3 Times as Good? has opened a lot of eyes to open source. I've fiddled with it and was surprised at how robust an essentially free application can be. My only beef is that in an effort to be an alternative to Microsoft, it's almost Microsoft Office. It's big, complex and not exactly fun.

Meanwhile, Office is maintaining the kind of market share that would make my local electric company proud. gets a lot of backing from Sun, which just released 3. This new release includes better multi-page document viewing, the ability to import Office 2007 files (but not export them back) and native Mac OS X support.

What do you like and hate about Is it too much like Office, or not enough? Votes counted at [email protected] -- and you don't even have to register.

Patch Tuesday Hijacked
Hackers know that Patch Tuesday is a big day, a day when IT prods feverishly download patches and plug holes. It's also a perfect way to trick users into clicking on what they think is legitimate security information from Microsoft, but is instead a Trojan horse.

Is this clever? Not really. Dangerous? You bet! You might want to warn your end users about this one.

Hyper-V Kicking Butt and Taking Market Share
Who would've guessed that a free hypervisor aimed directly against one costing over five grand (for a high-end edition of ESX) would quickly gain market share? If you said IDC, you'd be correct. This veteran research house says that Hyper-V, "when combined with Virtual Server 2005, helped Microsoft to capture 23 percent of new license shipments in 2Q 2008." That's great news for Microsoft execs.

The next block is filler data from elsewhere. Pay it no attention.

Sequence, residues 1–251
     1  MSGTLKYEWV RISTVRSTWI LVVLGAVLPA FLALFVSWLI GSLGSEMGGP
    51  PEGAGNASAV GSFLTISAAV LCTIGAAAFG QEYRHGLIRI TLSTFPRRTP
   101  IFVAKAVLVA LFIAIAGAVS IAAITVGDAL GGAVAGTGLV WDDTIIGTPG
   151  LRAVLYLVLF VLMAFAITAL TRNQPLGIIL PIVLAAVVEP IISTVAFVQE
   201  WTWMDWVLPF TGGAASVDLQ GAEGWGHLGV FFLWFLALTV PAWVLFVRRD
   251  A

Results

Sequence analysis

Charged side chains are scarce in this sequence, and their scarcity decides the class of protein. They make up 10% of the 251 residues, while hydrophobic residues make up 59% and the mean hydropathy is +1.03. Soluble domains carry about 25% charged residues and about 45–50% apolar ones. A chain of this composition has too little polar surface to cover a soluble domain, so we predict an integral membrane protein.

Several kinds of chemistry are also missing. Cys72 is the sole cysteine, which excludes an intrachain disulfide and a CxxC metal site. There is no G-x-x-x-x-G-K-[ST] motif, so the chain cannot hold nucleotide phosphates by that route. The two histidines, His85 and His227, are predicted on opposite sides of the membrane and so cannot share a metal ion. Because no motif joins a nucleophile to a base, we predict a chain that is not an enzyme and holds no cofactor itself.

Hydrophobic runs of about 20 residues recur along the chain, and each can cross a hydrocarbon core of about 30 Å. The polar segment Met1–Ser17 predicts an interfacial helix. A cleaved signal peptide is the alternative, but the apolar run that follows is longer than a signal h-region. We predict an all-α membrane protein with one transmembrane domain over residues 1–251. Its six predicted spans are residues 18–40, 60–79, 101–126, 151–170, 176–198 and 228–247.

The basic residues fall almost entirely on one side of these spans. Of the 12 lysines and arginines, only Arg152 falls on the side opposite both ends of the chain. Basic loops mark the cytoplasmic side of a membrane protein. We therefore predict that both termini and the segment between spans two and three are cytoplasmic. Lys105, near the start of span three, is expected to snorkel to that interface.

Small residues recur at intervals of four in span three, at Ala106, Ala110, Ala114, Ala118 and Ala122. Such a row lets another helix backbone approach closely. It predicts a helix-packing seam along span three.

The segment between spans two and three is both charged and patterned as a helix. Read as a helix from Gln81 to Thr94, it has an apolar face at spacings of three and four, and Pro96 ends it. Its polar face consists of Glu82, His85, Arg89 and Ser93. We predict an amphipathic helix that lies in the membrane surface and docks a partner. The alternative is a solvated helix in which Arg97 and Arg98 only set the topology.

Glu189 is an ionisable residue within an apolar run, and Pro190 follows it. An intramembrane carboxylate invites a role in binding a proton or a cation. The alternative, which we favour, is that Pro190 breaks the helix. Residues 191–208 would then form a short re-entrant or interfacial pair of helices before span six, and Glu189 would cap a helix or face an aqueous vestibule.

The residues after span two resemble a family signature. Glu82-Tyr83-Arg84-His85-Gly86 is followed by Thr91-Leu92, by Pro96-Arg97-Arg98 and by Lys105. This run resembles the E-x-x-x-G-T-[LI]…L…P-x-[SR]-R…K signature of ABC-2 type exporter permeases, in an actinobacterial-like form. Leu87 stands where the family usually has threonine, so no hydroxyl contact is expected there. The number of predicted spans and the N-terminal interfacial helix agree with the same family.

So what's the good news for VMware? "Worldwide new server shipments virtualized increased 52 percent year over year in the second quarter," IDC says. Looks like there's plenty of business for everyone.

Mailbag: What Price Mac?
Are Apple laptops worth the price tag? Readers chime in with their thoughts:

In reality, I recognize hyperbole when I see it. Apple stuff is not all that overpriced in the overall scheme of things. Rejoice and relax -- you still have the lower parts of the market all to yourselves.

You stated by saying that buying a Mac instead of a PC is like buying a Cadillac instead of a Hyundai. I think a better comparison is buying a Mac is like buying a Toyota instead of a Ford. We all know Ford could build a better car if it wanted to, but it doesn't want to. So if reliability and performance are issues, you buy a Toyota, not a Ford. Same for Mac vs. PC.

Apple will never be able to afford to sell entry-level PCs. It simply cannot generate the volumes necessary to absorb the narrow margins that Dell and HP must maintain on entry-level products.

That's not really the question, though. OEMs like Dell and HP routinely offer steep discounts on mid-range to high-end systems in order to attract high-volume enterprise customers -- and they still make a profit. If Apple DID care about IT (or perhaps if it simply understood the enterprise market), it would understand that enterprise customers are not consumers and they will not pay premium prices for PCs. But when they do buy, they buy in large enough volumes to make it worth their while.